The play was the longest touchdown by the Cowboys since Jason Tucker reached paydirt on a 90-yard reception against the Giants on Jan. 2, 2000.
Washington responded, though. Now in the fourth quarter, the Redskins faced a third-and-1 at the Dallas 29-yard line when Griffin rolled to his right. With the secondary seemingly charging to stop the short dump-off, the quarterback found tight end Niles Paul all alone behind everybody. He caught the easy pass, rolled, got up and waltzed into the end zone to up the score to 35-13.
Of course, by this point, the defense was so banged up that stopping anyone would prove difficult. Now heading to the locker room was middle linebacker Bruce Carter, who left during the Redskins scoring drive with a left elbow injury.
Staying with the no-huddle offense, Romo quickly worked his team down the field, working passes to Bryant for 15 yards, Beasley to 11 and Harris for 36 to get down to the Washington 26-yard line. Five players later and Jones finally took a pass from Romo over the middle, turning and punching it in for the score. With a successful two-point conversion, Dallas trailed 35-21.
The momentum, though, was back behind the home team. On the second play of the Redskins’ next possession, Griffin threw high over the middle and right into the diving arms of safety Charlie Peprah, who got up and ran it back 27 yards to the Washington 18-yard line.
Set up with great field position, the Cowboys moved up seven yards before the faced a fourth-and-3. Romo went to his go-to guy, throwing a pass to the left side of the end zone, where Bryant dove to haul in the catch, the score now a nail-biting 35-28.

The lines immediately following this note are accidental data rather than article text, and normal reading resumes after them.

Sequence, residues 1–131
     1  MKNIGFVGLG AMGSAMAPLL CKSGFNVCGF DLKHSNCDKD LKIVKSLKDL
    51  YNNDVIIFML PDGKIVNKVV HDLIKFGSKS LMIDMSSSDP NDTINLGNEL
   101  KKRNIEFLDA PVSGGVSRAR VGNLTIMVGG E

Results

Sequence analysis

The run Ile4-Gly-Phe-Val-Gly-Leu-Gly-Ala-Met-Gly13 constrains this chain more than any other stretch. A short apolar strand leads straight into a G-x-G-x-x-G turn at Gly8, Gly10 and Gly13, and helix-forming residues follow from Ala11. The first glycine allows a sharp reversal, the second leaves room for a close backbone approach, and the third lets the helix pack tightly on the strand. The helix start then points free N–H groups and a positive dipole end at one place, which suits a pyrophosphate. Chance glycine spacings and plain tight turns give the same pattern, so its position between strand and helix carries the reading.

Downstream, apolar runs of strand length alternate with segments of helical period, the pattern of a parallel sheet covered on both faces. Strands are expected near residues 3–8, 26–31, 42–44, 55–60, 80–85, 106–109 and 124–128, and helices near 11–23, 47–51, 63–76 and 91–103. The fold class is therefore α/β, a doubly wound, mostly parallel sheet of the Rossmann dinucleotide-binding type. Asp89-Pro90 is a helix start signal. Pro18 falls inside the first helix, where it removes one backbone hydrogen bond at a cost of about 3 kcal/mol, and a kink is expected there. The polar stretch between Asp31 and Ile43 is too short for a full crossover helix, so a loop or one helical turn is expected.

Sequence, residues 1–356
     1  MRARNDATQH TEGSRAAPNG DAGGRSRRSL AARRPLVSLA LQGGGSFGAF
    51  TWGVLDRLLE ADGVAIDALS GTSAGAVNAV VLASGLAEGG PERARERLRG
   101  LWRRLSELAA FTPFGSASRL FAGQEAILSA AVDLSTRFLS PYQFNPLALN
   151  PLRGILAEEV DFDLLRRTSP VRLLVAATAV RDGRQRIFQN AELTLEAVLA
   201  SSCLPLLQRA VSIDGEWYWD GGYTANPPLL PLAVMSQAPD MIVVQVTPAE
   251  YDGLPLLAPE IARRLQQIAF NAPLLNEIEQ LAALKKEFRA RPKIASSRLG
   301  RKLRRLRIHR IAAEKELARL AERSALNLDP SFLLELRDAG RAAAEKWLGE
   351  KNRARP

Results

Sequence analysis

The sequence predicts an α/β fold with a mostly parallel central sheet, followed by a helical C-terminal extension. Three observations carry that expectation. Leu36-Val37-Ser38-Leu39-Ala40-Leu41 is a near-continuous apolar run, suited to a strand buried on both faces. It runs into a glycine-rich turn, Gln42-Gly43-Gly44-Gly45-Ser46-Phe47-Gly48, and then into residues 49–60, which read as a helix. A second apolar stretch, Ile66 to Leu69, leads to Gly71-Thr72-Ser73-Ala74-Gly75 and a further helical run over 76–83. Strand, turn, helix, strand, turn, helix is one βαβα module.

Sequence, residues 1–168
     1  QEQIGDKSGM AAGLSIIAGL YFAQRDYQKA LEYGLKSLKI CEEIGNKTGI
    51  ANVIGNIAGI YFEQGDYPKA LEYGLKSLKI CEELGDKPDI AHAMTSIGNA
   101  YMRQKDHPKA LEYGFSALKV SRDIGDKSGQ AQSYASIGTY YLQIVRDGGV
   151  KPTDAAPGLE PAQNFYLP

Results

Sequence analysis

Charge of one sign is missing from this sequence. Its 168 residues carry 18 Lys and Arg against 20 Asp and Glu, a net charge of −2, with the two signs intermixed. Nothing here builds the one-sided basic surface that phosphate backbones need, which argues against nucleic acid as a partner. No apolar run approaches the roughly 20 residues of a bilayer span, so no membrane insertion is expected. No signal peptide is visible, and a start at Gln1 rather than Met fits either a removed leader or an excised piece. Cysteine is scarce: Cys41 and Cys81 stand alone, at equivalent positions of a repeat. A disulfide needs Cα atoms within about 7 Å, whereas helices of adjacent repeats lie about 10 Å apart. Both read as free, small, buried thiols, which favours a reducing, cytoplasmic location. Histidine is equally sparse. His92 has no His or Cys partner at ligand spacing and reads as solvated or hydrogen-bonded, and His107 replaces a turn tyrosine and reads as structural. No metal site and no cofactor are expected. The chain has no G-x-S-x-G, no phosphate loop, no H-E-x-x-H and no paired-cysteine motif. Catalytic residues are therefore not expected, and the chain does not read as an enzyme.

Needing a stop more than ever, the Dallas defense kept the Redskins out of the end zone, but couldn’t prevent another three points being tallied. Starting at his own 20, Griffin led his team to the Dallas 30-yard line, turning over the chains three times as the Cowboys couldn’t get off the field. They finally settled for a 48-yard field goal to make it a two-possession game, 38-28 with 3:03 left on the clock.
That would prove to be the final nail in the coffin. Bryant nearly made an unbelievable catch in the end zone only to have the ball knocked away, the Cowboys having to settle for a 51-yard field goal from Bailey to bring the score to 38-31.
Dallas tried the onside kick, but the Redskins’ Hall scooped up the bouncing ball and raced between the defenders toward the end zone. He could have easily scored, but instead elected to slide to a stop at the 1-yard line, Griffin then taking a knee to secure the game.
With the loss, the Cowboys and Redskins both moved to 5-6 on the season tied for second place in the NFC East. Read